REFUGEE STATUS DETERMINATION IN KENYA
Kenya, like every state Party to the Refugee Convention and the OAU Refugee Convention, is bound to uphold both treaties. Governments usually accomplish this task by setting up a domestic legal framework-such as domestic legislation-that implements their treaty obligations. Kenya has some law that is applicable to asylum seekers and refugees, but nothing that fully implements its treaty obligations. And, since 1991 Kenya has failed to fully implement the domestic laws that do exist-except for their most restrictive aspects.
Kenya's Immigration Act applies to all non-citizens, including refugees. The Act provides that all non-citizens who enter Kenya without a valid entry permit or pass are unlawfully present and subject to arrest and detention by immigration officers.143 The Act describes a class of entry permit for individuals generally fulfilling the Refugee Convention definition (though not the OAU Refugee Convention definition)144 of a refugee:
A person who is a refugee, that is to say, is, owing to well-founded fear of being persecuted for reasons of race, religion, nationality, membership of a particular social group or political opinion, unwilling to avail himself of the protection of the country of his nationality or who, not having a nationality and being outside the country of his former habitual residence for any particular reason, is unable or, owing to such fear, is unwilling to return to such country, and any wife or child over the age of thirteen years of such a refugee.
This provision, if administrative procedures were in place to implement it, would allow asylum seekers to apply for Class M entry permits from Kenyan immigration officers at entry points. However, there are no Kenyan immigration officers available to hear such applications either at the border or after an individual enters the country, even if she enters lawfully, for example with a tourist visa. As a result, regardless of what the law says, there is no way for a genuine refugee to ask for legal permission to enter or remain in Kenya as a refugee through the use of an entry permit. And, practically speaking, asylum seekers report to UNHCR in order to receive refugee status. Consequently, asylum seekers simply enter the country-at which point they are "unlawfully present" under the Immigration Act, and subject to arrest and detention.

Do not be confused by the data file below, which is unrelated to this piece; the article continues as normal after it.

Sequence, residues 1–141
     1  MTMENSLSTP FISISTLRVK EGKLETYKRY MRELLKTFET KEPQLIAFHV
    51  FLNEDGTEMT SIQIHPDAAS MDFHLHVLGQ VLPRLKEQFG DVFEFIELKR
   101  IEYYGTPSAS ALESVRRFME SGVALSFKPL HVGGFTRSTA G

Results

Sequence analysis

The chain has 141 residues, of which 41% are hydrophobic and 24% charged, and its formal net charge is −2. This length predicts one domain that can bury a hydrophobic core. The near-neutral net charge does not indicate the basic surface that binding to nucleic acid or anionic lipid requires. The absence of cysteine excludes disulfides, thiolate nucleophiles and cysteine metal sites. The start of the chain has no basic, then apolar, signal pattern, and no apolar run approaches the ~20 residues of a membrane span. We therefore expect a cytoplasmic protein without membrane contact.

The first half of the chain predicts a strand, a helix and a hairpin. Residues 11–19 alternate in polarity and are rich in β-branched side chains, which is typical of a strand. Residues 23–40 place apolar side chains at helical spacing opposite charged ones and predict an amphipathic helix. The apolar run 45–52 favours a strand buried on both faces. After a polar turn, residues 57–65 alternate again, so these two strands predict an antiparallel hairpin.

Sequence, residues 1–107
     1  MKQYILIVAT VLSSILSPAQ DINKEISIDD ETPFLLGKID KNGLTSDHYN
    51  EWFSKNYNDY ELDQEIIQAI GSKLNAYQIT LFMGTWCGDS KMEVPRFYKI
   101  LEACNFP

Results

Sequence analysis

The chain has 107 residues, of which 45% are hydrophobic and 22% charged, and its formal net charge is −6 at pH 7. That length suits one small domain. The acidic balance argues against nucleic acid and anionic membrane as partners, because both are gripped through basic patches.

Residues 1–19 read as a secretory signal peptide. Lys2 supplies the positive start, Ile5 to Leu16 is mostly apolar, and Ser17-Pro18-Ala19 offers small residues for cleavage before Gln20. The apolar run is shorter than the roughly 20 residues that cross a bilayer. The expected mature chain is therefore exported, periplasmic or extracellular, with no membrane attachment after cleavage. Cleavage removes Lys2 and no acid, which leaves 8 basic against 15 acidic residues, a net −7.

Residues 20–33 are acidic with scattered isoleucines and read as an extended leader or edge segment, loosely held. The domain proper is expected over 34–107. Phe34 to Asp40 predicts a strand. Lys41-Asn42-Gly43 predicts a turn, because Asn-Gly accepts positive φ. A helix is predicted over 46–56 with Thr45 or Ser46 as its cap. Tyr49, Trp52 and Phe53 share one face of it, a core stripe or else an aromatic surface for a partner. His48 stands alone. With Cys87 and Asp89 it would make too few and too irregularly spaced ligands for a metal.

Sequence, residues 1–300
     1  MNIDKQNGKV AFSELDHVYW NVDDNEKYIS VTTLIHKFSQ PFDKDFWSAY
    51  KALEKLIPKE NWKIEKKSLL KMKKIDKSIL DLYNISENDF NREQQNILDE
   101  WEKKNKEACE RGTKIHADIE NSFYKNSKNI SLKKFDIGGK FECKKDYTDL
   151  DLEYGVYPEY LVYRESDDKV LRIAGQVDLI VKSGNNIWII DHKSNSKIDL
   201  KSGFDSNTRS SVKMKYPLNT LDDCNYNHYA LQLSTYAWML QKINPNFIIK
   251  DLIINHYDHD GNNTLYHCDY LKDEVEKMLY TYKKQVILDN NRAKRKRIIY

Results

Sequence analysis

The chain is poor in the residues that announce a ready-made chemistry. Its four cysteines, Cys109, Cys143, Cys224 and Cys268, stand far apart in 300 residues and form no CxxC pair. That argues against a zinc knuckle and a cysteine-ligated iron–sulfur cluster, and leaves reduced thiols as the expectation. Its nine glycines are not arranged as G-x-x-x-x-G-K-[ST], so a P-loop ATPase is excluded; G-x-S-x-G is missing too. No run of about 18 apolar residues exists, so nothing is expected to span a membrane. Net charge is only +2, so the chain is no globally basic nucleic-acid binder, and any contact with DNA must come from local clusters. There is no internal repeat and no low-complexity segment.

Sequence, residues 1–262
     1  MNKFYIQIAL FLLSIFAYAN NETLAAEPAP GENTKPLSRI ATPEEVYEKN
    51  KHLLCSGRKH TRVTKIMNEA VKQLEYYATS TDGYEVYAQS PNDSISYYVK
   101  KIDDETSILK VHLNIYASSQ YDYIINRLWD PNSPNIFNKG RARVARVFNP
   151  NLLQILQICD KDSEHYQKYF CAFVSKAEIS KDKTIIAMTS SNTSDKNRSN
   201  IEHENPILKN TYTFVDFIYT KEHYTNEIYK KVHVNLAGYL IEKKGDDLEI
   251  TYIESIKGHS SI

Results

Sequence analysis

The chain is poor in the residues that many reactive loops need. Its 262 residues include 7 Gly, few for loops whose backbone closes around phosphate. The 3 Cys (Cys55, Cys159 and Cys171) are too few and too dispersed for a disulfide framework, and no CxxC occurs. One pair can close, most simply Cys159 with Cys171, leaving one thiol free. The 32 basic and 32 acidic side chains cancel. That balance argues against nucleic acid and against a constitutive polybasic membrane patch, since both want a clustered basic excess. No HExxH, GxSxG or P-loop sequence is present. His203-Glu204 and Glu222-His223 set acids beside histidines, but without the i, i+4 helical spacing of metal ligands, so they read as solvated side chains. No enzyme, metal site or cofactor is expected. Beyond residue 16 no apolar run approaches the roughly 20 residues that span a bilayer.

As aliens, asylum seekers and refugees are also subject to the provisions of the Aliens Restriction Act (ARA). The ARA sets out to accomplish what its title implies-to restrict the presence and rights of aliens in Kenya. The Act gives "the Minister," during "times of war or imminent danger" the power to impose several types of restrictions on aliens.145 These include prohibitions on the entry of aliens to Kenya and requirements that aliens reside in designated areas.146 Aliens who violate such orders are subject to a fine of Ksh.3,000 [U.S.$38] and imprisonment not exceeding six months.147 Although the ARA was passed after Kenya became party to the Refugee Convention, there are no specific provisions for the status and rights of asylum seekers and refugees.148
Kenya's parliament has been debating a draft Refugee Bill since 1990. The latest version of the Bill obtained by Human Rights Watch is from 1994. The draft Bill falls short of international standards since it affords unfettered discretion to a single "Minister" in charge of refugee matters to receive recommendations for refugee status from an eligibility committee, to make the final decision on refugee status, and to hear appeals. The Bill requires asylum seekers to apply for status within seven days of their arrival, a limitation that is unreasonable. UNHCR has stated that "failure to submit an asylum request within a specified period should not lead to the exclusion of the request from consideration."149 The draft Bill also requires refugees to live in refugee camps, without enacting exceptions to that policy in law. Other provisions of the draft Bill, such as the definitional sections, are unobjectionable and would implement Kenya's obligations under international law. Finally, the draft Bill does envisage establishing "transit centers" for asylum seekers while their applications are being considered. This provision, if implemented in accordance with human rights standards, might help to alleviate the incidents of rape and other abuses that have been shown here to occur during the first weeks an asylum seeker is in Kenya.
Before 1991, the Kenyan government used an ad hoc administrative refugee status determination (RSD) system to recognize refugees, despite the fact that it lacked domestic laws providing for their rights and status. Asylum seekers were interviewed by an Eligibility Committee, made up of representatives from the Ministry of Home Affairs, the Immigration Department, and UNHCR observers. The Committee usually heard individual cases and applied the Refugee Convention definition, as provided for in the Class M Entry Permit category, but the Committee did not apply the OAU definition. Most newly arriving refugees were processed through a reception center established in October 1981 at Thika,150 a town near Nairobi.151
Conflict in Uganda, Somalia and Sudan brought large numbers of refugees to Kenya in the early 1990s. Kenya hosted 14,400 refugees in 1990, but as a result of the increase in regional conflicts, the number had risen to 120,000 by 1991.152 Just one year later, in 1992, 401,000 refugees were living in Kenya.153 The large numbers overburdened the Eligibility Committee, causing Kenya to ask UNHCR to set up refugee camps. UNHCR and international NGOs were needed at the time since the large numbers of arrivals far outstripped the government's ability to ensure their well being. While there was an obvious need for an emergency response from the international community, the agencies involved usurped Kenya's refugee administration almost completely. This all-or-nothing approach scrapped the positive aspects of Kenya's pre-1991 refugee policy, including, for example, the laissez-faire approach by which refugees were allowed to locally integrate, and enjoy rights to work, education and freedom of movement.154 Most fundamentally, the Kenyan government's pre-1991 role in refugee status determination was surrendered to UNHCR and quickly forgotten.